Jennifer Byrom: I sent the book out by PDF to a number of friends and this friend wrote back and said, “I don’t find galloping horses,” and she was really upset. Galloping horses was a Thai pork and peanut recipe and it is basically pork, either baked or broiled, sauced with this really good peanut sauce that we became really famous for. I laughed because we mailed out a quarterly menu, as well as our regular menu, and we made specials from around the world each month.
January was Africa month and May was one of the Asian months. We would mail out to people who had signed up, this mailer that would say, “Here is the four months’ worth of food specials we are offering.” There are people who own every one of those we ever sent out. And people put things on their calendar. So, every May there were people who came for galloping horses.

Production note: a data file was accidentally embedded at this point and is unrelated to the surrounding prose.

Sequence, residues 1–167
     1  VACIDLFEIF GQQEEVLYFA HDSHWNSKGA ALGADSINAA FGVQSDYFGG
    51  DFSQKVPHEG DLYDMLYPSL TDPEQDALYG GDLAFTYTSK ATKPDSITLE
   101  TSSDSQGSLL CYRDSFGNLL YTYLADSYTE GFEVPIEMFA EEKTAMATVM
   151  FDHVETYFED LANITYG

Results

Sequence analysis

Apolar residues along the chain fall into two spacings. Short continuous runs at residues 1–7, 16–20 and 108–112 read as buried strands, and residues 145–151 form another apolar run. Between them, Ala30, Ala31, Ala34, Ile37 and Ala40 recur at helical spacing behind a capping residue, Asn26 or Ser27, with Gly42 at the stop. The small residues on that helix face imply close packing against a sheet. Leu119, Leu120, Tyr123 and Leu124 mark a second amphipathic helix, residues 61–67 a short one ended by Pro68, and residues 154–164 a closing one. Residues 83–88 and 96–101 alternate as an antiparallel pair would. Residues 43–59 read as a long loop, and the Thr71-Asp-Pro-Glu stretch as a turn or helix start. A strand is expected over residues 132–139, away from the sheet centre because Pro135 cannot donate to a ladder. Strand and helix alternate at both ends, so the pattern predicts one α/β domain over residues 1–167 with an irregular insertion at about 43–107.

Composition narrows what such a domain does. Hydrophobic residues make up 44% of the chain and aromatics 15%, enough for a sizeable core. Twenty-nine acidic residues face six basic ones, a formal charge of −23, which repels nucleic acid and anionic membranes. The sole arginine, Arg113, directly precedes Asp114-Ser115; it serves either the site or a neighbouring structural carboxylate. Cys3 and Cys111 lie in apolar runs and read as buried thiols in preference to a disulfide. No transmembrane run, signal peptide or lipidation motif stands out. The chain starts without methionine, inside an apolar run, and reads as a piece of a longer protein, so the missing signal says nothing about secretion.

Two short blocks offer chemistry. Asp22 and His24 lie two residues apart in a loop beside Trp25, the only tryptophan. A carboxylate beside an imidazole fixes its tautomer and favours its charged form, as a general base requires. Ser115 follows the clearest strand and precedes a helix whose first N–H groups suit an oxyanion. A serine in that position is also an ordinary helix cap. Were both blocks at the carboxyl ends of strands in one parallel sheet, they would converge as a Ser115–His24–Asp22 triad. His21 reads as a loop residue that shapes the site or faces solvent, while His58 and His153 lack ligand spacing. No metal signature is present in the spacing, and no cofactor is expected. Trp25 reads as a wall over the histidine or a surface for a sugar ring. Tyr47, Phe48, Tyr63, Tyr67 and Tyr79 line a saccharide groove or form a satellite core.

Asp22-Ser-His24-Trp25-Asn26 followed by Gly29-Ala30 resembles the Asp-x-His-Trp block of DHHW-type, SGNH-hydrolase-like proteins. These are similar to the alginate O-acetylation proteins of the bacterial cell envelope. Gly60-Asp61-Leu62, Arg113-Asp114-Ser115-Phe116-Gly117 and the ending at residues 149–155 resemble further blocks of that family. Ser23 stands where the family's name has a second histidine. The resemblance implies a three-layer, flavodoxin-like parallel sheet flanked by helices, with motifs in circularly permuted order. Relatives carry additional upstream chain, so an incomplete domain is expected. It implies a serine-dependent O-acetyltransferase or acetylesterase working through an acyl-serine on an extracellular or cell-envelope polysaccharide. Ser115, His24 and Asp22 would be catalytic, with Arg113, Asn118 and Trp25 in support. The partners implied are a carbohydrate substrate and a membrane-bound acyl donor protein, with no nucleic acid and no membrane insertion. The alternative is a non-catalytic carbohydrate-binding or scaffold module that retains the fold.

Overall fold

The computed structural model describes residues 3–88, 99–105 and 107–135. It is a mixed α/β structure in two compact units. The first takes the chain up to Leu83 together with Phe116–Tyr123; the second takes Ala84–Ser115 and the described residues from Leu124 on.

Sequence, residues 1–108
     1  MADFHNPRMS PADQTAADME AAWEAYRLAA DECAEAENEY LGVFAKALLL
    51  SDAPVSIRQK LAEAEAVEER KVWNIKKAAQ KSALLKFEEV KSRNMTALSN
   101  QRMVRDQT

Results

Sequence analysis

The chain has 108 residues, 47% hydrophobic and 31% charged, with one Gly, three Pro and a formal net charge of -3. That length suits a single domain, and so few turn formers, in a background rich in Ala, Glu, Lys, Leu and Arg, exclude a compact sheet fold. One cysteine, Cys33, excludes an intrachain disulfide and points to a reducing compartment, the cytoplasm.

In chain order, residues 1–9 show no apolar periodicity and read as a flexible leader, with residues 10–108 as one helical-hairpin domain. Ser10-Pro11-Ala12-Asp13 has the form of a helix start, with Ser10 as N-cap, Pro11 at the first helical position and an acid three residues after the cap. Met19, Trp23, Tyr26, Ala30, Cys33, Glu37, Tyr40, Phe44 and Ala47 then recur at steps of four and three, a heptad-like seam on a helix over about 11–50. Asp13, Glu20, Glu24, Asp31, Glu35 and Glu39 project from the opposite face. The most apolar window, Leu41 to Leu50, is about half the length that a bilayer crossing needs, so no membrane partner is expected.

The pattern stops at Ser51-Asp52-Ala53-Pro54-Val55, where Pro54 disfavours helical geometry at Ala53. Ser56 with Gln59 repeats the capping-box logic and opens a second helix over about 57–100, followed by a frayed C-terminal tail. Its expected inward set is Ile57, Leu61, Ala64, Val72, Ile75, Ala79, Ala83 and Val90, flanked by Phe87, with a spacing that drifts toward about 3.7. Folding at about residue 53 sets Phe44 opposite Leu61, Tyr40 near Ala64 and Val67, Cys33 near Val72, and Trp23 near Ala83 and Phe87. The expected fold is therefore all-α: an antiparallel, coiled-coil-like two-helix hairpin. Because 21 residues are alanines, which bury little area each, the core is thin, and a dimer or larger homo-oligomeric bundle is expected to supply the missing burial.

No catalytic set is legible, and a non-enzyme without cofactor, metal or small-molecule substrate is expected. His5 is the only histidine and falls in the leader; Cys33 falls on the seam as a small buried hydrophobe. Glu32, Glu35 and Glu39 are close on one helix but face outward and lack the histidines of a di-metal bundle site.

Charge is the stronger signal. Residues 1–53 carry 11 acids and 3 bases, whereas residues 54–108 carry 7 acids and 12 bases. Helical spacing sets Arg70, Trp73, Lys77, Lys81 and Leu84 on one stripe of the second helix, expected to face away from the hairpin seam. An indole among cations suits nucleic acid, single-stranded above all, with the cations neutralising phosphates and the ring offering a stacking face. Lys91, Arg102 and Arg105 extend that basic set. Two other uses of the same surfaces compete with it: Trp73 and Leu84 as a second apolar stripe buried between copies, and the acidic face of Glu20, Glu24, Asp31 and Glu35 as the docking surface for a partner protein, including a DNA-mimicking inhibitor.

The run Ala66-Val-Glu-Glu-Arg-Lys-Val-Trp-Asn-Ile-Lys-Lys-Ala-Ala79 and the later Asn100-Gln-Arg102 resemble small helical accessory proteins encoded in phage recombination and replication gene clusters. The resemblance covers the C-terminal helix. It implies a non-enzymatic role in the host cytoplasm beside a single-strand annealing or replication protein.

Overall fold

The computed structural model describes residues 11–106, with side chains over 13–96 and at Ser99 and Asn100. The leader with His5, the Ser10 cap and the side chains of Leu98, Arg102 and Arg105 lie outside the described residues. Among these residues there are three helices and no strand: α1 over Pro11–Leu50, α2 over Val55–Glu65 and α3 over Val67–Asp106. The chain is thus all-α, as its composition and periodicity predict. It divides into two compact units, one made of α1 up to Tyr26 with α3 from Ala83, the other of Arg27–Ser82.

So that was big, what everybody liked about galloping horses was the pork and peanuts. The peanut sauce was really good, how can I incorporate that and have it always on the menu? Not the pork and peanut, but the peanut sauce. I learned a lot. I knew nothing about running a restaurant, inventorying, and all of that. I learned that you can’t just add one item that is going to require special ingredients all by itself.
It has to be able to be used on other dishes as well. So, it took a long time before I came up with the stir-fries. The peanut stir fry was, I’d say, top of the list.
Miles Rote: That’s great, I don’t think I have ever heard of a restaurant that each month has dedicated to a different type of cuisine, it is such an amazing idea. This is why you have to check out the book.
Jennifer Byrom: And the ice cream. And the ice cream was big.
Miles Rote: Then the ice cream part–that is exactly where I was going with this to top it all off with a cherry on the top, there was an ice cream parlor that you guys were really well-known for.